Medicaid Expansion Enrollment by Region

While overall enrollment totals look promising, it appears that one region is lagging behind other parts of the state. When looking at the most recent data, Northern Virginia has a lower number of enrollment than what could be expected.

According to 2017 data, there were about 56,000 people uninsured and likely to qualify for expansion in the region based on age and income. When compared with the close to 53,500 people enrolled in expansion coverage in the region – a difference of 2,500 – it appears there may still be more work to be done to enroll the uninsured in Northern Virginia. This estimate likely understates the number of people who are still uninsured and could qualify for coverage because total enrollment includes individuals who had been previously insured through other avenues, such as the health insurance marketplace or an employer health plan.

A possible explanation for this apparent gap in enrollment could be due to the region’s large immigrant population. The estimates count all uninsured regardless of immigration status, meaning there are likely thousands of uninsured individuals living in poverty that expansion simply will not help. Proposed changes to federal immigration law, the public charge policy specifically, may also be contributing to lower than expected enrollment in the region. Individuals who fully qualify for Medicaid and are in a family with at least one non-citizen may be wary of applying for coverage due to fear of it being used against their non-citizen family members. A strong outreach campaign is needed in order to combat misinformation and fear concerning the proposed change in public charge policy.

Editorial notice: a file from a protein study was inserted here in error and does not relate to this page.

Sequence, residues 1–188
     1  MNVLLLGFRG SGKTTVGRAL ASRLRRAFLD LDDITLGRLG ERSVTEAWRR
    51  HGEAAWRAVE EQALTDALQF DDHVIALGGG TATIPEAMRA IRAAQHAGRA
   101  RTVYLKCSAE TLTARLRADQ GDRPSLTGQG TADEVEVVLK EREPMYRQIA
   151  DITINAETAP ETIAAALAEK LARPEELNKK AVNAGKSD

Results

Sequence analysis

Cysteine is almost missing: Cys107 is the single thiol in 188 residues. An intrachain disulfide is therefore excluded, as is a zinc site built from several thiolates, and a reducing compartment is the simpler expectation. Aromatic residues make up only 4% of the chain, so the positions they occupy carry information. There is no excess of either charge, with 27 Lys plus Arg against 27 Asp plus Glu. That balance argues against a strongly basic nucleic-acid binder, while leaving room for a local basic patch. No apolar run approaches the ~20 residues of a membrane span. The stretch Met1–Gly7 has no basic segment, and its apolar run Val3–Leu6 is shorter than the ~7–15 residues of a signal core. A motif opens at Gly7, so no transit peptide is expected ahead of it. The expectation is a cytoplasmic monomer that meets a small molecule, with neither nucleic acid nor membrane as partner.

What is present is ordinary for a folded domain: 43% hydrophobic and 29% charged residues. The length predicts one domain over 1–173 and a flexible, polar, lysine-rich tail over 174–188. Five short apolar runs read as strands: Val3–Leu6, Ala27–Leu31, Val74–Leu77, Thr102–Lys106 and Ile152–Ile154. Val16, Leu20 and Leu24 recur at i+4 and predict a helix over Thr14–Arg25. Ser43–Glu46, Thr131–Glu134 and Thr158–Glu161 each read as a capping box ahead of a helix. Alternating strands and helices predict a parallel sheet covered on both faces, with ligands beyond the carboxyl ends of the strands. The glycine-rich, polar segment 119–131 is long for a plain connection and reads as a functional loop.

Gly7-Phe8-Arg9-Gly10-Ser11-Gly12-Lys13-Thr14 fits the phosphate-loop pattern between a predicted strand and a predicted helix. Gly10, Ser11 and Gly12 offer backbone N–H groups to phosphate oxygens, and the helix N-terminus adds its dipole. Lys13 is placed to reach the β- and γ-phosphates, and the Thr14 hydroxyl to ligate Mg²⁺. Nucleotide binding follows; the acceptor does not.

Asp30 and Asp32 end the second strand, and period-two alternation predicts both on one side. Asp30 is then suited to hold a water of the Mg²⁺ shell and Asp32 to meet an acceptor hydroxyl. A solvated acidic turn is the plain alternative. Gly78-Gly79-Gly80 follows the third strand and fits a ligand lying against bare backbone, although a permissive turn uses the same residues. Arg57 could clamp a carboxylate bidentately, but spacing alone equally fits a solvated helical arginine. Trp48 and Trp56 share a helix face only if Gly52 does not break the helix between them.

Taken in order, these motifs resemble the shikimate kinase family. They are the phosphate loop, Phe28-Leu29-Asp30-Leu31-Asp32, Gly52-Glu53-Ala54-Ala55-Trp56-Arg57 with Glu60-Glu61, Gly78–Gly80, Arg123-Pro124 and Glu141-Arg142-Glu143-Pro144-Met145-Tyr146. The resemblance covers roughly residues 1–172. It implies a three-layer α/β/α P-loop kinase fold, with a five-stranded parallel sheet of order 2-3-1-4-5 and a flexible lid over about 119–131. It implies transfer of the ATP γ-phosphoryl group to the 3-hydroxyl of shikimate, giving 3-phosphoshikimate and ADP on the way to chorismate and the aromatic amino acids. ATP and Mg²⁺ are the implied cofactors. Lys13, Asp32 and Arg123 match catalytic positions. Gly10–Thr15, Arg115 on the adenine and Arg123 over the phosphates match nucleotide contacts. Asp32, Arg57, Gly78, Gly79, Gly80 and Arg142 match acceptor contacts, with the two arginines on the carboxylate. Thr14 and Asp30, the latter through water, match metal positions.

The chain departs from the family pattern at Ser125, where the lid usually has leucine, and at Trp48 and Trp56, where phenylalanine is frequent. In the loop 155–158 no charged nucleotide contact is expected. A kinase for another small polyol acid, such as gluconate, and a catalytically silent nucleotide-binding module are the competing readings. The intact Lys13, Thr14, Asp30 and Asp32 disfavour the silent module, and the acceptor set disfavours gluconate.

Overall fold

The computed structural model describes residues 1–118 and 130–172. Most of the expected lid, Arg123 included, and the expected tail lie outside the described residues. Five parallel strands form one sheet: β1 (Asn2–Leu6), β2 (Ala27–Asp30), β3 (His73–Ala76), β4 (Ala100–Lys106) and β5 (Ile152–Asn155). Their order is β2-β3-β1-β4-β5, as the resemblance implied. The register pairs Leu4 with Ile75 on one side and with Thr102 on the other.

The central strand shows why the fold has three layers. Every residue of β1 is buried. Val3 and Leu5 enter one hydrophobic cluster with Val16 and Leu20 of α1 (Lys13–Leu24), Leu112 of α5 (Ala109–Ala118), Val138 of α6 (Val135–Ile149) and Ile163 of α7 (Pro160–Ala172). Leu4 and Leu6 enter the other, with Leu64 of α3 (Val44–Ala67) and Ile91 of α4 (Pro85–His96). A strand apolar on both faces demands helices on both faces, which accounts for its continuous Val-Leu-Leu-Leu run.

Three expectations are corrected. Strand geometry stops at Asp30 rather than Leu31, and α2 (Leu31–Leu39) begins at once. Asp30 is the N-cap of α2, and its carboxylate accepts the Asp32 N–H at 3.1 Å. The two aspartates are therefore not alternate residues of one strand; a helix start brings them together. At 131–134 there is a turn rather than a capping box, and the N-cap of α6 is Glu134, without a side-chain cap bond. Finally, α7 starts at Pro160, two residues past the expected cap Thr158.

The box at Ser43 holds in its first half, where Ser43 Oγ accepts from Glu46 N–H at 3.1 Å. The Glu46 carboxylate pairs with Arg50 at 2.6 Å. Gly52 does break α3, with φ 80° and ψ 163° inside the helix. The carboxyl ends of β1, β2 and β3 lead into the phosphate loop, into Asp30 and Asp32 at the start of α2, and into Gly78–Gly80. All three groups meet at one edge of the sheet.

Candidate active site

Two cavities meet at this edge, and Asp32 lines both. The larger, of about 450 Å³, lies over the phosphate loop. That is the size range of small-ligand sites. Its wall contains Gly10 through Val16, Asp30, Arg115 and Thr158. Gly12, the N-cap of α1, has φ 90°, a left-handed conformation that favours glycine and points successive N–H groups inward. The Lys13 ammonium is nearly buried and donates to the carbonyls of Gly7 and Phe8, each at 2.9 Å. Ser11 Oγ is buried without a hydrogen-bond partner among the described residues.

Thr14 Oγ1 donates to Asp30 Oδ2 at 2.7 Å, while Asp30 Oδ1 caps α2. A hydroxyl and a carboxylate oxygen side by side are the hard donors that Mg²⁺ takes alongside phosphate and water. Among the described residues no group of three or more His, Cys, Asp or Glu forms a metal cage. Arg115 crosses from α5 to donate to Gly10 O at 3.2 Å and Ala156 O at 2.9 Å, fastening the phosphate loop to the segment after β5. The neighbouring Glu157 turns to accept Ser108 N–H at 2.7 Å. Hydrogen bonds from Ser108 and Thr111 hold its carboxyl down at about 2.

Additionally, immigrants face an additional barrier to coverage in the commonwealth. That’s because Virginia is one of only six states where a lawfully present immigrant must establish a 40-quarter (10 year) work history, concurrent with the federal five year requirement, before qualifying for Medicaid. Though work quarters of spouses and parents can be included in the calculation, single immigrant adults without parents in the United States have to wait 10 years or more for health coverage. This rule means there is an uninsured population that would be eligible for coverage in 44 other states and Washington, D.C. but has been barred access to it in Virginia due to state policy.



Overall, expansion enrollment data offers a promising snapshot of the benefit that Medicaid expansion has already provided to Virginia families. The auxiliary effect of enrolling more children in health coverage and providing the opportunity for healthier mothers pre- and post-pregnancy mean a better start for families who call Virginia home. Further analysis will need to be conducted in order to evaluate enrollment and uptake by race, to determine the success of campaigns to advance health equity and enroll people of color in Virginia. Regional data appears to show further enrollment work needs to be done in certain areas in order to ensure more Virginians gain access to quality health coverage. Enrollment efforts can be strengthened by having outreach materials and staff that can competently address the concerns caused by the proposed changes to public charge. And doing away with the 40-quarter rule can help more people gain access to coverage. We call on advocates and stakeholders to continue their outreach efforts and oppose barriers to Medicaid coverage to ensure all Virginians who are eligible have the opportunity to enroll.

Health Care

Freddy Mejia